Exponentially modified Gaussian distribution
Probability density function
Cumulative distribution function
|Parameters||μ ∈ R — mean of Gaussian component
σ2 > 0 — variance of Gaussian component
λ > 0 — rate of exponential component
|Support||x ∈ R|
In probability theory, an exponentially modified Gaussian (EMG) distribution (exGaussian distribution) describes the sum of independent normal and exponential random variables. An exGaussian random variable Z may be expressed as Z = X + Y, where X and Y are independent, X is Gaussian with mean μ and variance σ2, and Y is exponential of rate λ. It has a characteristic positive skew from the exponential component.
It may also be regarded as a weighted function of a shifted exponential with the weight being a function of the normal distribution.
where erfc is the complementary error function defined as
Alternative forms for computation
- is the amplitude of Gaussian,
- is exponent relaxation time.
This function cannot be calculated for some values of parameters (for example, τ=0) because of arithmetic overflow. Alternative, but equivalent form of writing the function was proposed by Delley:
where is a scaled complementary error function
In the case of this formula arithmetic overflow is also possible, region of overflow is different from the first formula, except for very small τ.
For small τ it is reasonable to use asymptotic form of the second formula:
Decision on formula usage is made on the basis of the parameter :
- for z < 0 computation should be made according to the first formula,
- for 0 ≤ z ≤ 6.71·107 (in the case of double-precision floating-point format) according to the second formula,
- and for z > 6.71·107 according to the third formula.
Mode (position of apex, most probable value) is calculated using derivative of formula 2; inverse of scaled complementary error function erfcxinv() is used for calculation. The apex is always located on the original (unmodified) Gaussian.
There are three parameters: the mean of the normal distribution (μ), the standard deviation of the normal distribution (σ) and the exponential decay parameter (τ = 1 / λ). The shape K = τ / σ is also sometimes used to characterise the distribution. Depending on the values of the parameters, the distribution may vary in shape from almost normal to almost exponential.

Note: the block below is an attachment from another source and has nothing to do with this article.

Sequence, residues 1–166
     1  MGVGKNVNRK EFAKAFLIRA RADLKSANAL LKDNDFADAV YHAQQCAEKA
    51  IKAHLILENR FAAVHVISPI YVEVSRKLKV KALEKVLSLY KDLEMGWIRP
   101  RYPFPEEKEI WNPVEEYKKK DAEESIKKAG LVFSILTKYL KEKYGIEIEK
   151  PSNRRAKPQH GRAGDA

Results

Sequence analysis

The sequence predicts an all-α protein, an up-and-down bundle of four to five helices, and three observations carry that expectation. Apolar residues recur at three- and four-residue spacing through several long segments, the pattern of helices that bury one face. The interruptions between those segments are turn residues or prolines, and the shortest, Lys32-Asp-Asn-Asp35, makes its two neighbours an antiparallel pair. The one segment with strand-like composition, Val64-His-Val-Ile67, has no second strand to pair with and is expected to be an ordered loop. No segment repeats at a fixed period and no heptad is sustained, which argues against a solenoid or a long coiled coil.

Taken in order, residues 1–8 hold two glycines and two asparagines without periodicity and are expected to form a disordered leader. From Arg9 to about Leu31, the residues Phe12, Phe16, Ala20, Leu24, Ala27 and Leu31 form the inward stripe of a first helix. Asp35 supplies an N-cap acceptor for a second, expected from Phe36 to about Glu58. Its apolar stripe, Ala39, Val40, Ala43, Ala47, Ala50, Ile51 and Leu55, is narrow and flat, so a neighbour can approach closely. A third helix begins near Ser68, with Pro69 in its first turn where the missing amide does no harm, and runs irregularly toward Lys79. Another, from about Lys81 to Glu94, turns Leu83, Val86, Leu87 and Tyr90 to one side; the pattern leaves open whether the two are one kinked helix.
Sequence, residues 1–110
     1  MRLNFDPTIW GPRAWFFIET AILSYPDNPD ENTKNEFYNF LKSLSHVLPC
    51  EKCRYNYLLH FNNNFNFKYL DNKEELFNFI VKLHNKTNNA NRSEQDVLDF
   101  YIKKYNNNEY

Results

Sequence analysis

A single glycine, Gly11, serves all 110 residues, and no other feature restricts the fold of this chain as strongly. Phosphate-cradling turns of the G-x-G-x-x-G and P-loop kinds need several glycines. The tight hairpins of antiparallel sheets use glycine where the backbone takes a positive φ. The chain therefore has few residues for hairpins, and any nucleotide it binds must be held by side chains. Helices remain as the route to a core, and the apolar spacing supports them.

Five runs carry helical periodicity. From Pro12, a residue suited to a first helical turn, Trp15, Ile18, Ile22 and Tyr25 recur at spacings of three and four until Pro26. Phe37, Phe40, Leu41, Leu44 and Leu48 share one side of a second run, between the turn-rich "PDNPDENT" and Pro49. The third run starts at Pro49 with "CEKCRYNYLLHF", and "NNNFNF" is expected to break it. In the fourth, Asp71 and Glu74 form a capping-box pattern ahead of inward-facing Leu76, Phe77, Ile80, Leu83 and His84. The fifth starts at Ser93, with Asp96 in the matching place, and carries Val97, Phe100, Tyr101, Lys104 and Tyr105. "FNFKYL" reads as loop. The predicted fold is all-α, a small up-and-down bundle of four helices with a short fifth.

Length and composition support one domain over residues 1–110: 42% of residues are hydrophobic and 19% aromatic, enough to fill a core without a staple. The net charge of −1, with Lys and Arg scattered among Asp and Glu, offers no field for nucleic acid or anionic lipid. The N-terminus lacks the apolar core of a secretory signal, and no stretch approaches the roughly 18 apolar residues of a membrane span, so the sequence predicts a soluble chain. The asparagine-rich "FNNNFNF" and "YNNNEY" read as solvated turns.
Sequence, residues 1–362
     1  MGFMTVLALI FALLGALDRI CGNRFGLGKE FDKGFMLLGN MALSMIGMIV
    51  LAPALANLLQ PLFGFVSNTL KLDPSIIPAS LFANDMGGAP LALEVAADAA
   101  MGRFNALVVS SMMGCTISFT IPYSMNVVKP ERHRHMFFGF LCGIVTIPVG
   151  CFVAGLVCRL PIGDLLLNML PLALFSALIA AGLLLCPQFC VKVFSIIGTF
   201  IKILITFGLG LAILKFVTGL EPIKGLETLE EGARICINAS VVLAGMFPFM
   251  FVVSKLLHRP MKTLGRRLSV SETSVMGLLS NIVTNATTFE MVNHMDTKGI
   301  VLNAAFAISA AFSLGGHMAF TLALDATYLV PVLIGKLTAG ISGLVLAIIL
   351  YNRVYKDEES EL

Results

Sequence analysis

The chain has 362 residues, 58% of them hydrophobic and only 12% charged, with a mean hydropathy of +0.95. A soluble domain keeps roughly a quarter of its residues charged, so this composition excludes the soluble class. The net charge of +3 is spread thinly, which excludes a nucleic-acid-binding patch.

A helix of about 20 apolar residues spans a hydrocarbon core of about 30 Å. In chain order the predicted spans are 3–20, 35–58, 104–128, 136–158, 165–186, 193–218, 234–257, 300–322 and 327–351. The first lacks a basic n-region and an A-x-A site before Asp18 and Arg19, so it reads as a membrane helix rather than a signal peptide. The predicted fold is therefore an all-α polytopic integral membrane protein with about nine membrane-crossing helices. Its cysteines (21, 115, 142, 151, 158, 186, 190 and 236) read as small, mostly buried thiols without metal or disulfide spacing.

where m is the sample mean, s is the sample standard deviation, and γ1 is the skewness.
Solving these for the parameters gives:
Ratcliff has suggested that there be at least 100 data points in the sample before the parameter estimates should be regarded as reliable. Vincent averaging may be used with smaller samples, as this procedure only modestly distorts the shape of the distribution. These point estimates may be used as initial values that can be refined with more powerful methods, including maximum likelihood.
There are currently no published tables available for significance testing with this distribution. The distribution can be simulated by forming the sum of two random variables one drawn from a normal distribution and the other from an exponential.
The value of the nonparametric skew
The distribution is used as a theoretical model for the shape of chromatographic peaks. It has been proposed as a statistical model of intermitotic time in dividing cells. It is also used in modelling cluster ion beams. It is commonly used in psychology and other brain sciences in the study of response times.
This family of distributions is a special or limiting case of the normal-exponential-gamma distribution. This can also be seen as a three-parameter generalization of a normal distribution to add skew; another distribution like that is the skew normal distribution, which has thinner tails. The distribution is a compound probability distribution in which the mean of a normal distribution varies randomly as a shifted exponential distribution.
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